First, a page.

In 2016 we got "as close to Jurassic Park as we ever have," said paleontologist Scott Persons of the University of Alberta. Many other dinosaur experts agreed it was an incredible year for dino discoveries. Here's a look back at some of the most noteworthy finds.
New Year, New Dinosaurs
The year got off to a strong start with the announcement of several newly found dinosaur species, such as Dracoraptor hanigani ("Dragon Robber"), Eotrachodon orientalis ("Dawn Rough Tooth from the East"), and Spiclypeus shipporum ("Spiked Shield").
Dragon Robber, also nicknamed Draco, was found within the rocks of a cliff in south Wales. It is believed to be the earliest known Jurassic dinosaur from the U.K.
David Martill of the University of Portsmouth and his team wrote that "the remains of dinosaurs in Wales are exceedingly rare." Also rare was the dino's food, since Draco enjoyed sinking its teeth into raw flesh. Draco was small for a carnivorous dinosaur, measuring just over two feet tall and 6.5 feet wide.
Dawn Rough Tooth from the East is the most complete, primitive duck-billed dinosaur ever to be discovered in the eastern United States. Dating to 83 million years ago, this herbivorous dino had sturdy teeth that could grind up even the toughest of plant materials. Called "the cows of the Cretaceous" by researcher Gregory Erickson of Florida State University, these dinosaurs once lived in what is now Montgomery County, Alabama.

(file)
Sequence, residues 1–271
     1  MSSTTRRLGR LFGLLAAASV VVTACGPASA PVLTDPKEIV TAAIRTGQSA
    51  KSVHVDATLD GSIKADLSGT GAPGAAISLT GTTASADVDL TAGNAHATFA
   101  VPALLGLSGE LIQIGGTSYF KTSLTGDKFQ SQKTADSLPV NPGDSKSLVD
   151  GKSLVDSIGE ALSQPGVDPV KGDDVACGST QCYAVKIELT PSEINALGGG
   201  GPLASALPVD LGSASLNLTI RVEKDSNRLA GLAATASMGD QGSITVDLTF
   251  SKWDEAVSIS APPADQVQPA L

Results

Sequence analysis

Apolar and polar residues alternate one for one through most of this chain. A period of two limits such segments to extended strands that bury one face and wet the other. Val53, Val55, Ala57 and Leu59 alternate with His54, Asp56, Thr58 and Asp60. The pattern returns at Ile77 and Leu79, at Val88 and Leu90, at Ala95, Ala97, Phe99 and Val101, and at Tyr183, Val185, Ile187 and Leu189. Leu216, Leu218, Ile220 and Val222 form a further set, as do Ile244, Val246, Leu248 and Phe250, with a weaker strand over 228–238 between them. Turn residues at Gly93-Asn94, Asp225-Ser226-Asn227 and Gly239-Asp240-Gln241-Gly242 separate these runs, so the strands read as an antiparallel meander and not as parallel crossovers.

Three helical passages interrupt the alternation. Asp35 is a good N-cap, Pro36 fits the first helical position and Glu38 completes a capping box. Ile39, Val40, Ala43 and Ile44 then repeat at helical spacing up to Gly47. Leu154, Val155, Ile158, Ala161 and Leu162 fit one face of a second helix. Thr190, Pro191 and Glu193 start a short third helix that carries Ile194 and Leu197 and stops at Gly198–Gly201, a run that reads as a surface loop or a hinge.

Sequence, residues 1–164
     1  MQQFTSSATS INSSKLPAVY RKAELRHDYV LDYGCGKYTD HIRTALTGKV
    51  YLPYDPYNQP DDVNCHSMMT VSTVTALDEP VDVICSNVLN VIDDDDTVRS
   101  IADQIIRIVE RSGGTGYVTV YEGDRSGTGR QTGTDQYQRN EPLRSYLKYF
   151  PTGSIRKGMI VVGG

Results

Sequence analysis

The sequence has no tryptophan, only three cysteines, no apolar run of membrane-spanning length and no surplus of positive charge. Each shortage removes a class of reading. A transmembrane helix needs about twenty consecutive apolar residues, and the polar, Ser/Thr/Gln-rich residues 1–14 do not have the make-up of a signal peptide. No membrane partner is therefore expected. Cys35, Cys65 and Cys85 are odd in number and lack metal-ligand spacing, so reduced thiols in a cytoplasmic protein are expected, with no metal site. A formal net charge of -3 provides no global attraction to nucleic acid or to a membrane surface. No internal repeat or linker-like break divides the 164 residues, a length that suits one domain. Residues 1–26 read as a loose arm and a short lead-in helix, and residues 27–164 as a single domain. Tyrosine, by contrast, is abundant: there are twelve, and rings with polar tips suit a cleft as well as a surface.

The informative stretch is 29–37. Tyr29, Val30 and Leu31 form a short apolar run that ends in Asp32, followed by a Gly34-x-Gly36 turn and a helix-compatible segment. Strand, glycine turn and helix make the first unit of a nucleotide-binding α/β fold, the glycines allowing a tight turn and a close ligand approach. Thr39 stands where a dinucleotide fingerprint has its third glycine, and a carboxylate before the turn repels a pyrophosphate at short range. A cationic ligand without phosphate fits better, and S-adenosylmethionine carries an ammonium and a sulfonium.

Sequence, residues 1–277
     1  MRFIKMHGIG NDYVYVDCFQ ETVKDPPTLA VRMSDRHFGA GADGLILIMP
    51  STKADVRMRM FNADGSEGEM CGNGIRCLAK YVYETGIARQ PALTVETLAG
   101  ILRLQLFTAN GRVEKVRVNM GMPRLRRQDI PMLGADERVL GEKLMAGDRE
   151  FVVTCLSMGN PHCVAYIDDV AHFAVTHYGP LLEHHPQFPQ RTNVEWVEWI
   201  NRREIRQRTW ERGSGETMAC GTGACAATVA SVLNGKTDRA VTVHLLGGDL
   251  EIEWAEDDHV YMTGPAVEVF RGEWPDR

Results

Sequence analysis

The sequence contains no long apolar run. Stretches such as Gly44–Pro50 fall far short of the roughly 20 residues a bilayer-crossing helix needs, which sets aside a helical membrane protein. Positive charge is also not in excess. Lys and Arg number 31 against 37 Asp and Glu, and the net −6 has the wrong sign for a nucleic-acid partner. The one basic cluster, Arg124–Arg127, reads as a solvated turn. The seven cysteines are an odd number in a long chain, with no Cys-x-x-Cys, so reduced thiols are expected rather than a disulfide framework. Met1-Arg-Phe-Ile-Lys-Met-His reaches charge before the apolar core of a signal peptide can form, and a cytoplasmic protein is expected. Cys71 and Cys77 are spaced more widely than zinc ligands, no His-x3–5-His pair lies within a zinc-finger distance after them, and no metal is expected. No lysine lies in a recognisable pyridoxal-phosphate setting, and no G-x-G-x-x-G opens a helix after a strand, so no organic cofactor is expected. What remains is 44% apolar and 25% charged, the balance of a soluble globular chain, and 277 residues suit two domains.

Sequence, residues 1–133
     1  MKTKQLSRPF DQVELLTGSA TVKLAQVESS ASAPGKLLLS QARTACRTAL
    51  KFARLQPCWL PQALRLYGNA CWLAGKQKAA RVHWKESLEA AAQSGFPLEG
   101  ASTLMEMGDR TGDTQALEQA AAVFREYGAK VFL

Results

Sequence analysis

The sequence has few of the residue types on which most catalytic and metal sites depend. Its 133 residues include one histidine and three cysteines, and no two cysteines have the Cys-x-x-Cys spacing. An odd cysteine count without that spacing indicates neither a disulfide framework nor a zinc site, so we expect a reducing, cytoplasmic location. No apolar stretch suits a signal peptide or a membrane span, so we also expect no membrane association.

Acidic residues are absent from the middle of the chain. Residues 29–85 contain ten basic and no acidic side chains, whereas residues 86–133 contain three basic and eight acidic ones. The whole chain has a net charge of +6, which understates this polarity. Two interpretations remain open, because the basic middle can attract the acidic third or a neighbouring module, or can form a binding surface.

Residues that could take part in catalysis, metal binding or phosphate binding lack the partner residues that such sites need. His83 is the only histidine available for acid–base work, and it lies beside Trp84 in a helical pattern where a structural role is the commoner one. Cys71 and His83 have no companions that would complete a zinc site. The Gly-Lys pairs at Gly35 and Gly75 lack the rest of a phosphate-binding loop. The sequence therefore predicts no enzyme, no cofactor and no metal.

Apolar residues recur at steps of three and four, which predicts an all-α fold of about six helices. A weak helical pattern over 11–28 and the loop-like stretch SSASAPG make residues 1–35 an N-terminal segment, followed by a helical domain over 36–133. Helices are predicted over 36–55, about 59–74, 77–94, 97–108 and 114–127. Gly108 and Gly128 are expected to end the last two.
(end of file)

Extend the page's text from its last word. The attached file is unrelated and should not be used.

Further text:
Spiked Shield, as its name suggests, sported a number of bony spikes, not to mention horns. It roamed what is now Montana between 85 and 66 million years ago. Paleontologists suspect that more new dinosaur species could be found in this part of western North America in future.
Fossilized dinosaur scrape marks in 100-million-year-old Dakota sandstone of western Colorado reveal that dinosaurs engaged in mating displays that were similar to those of today's birds. The dancing dinos were likely two-legged carnivorous dinosaurs known as theropods, according to research project leader Martin Lockley and his team.
"They were evidently very active and perhaps driven into frenzies by the excitement of the breeding season," Lockley of the University of Colorado Denver told Seeker. "This is typical of some bird species. The extensive scrape evidence suggests much high energy activity. If small birds get excited when breeding, imagine what big theropods might have done!"
Dino-Era Voice Box
A voice box dating to the late Dinosaur Age 68 million years ago suggests what some animal vocalizations were like then. The organ, nicknamed the "squawk box" by scientist Julia Clarke and her team, belonged to the prehistoric bird Vegavis iaai. Clarke of the University of Texas at Austin thinks that the bird could honk loudly, similar to today's ducks and geese. She and her team also shared ideas on what non-bird dinosaurs might have sounded like.